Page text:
Hope of victory is more than wishing for it. It is based on promises like that of today’s psalm: “They that are planted in the house of the Lord shall flourish in the courts of the house of our God.” Is that in your heart?

Wayne Vanasse, and Fr. René Butler, M.S.

What a Challenge!

(7th Ordinary Sunday: 1 Samuel 26:2-23; 1 Corinthians 15:45-49; Luke 6:27-38)

At La Salette, Mary reminded us of our obligation to honor the Lord’s Name and the Lord’s Day (Mass and rest), to respect the discipline of Lent, and to pray. These are all included in her call to submit.

There is ample material here for an examination of conscience. But today’s Gospel helps us to understand that doing what the Beautiful Lady asks is just the beginning.

Jesus makes it clear that he expects much more of his disciples than the observance of the Law. The commandments are the foundation, not the whole structure. Some of his listeners must have thought he was going too far in requiring a peaceful, even submissive attitude, towards their enemies. In our time, too, it is not easy to accept such demands.

Does our faith make us better persons? In the first reading we find an excellent model in David. His faith in the God of Israel never wavered. So, when he had the opportunity to destroy his mortal enemy, King Saul, he showed him mercy instead, rather than strike the Lord’s anointed.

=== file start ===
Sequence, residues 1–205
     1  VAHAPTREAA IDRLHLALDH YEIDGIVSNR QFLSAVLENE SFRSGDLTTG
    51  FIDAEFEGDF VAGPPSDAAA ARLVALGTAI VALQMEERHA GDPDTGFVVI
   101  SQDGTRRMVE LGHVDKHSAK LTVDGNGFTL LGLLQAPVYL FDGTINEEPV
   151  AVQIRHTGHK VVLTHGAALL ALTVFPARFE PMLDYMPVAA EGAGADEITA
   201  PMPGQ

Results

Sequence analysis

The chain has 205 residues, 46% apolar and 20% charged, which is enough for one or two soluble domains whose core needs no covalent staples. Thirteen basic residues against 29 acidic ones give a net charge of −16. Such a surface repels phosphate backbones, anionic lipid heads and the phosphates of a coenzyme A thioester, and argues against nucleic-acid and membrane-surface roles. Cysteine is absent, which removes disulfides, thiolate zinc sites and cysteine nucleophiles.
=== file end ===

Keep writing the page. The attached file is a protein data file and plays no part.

This is what the world needs today. It’s what the world has always needed, and will always need. There never was and can never be an excess of charity, that love which is poured into our hearts by God. It will never be perfect or complete, because, as St. Paul says in the second reading, we bear the earthly image of the earthly man, Adam.

We need not be discouraged, however. We are never beyond God’s power to forgive. We can, by God’s grace, bear the image of the heavenly man, Jesus Christ.

At the same time, we must not be complacent, as though our thoughts and words and actions really do not matter to God. The Lord knows what we think and say and do, but he also knows our hearts. For example, when we carry out Jesus’ command, “Give to everyone who asks of you,” is our motive pure?

Oh, the challenge of being faithful and faith-filled! With all our heart, let us pray the words of today’s opening prayer: “Grant that we may carry out in both word and deed that which is pleasing to you.”

Wayne Vanasse, and Fr. René Butler, M.S.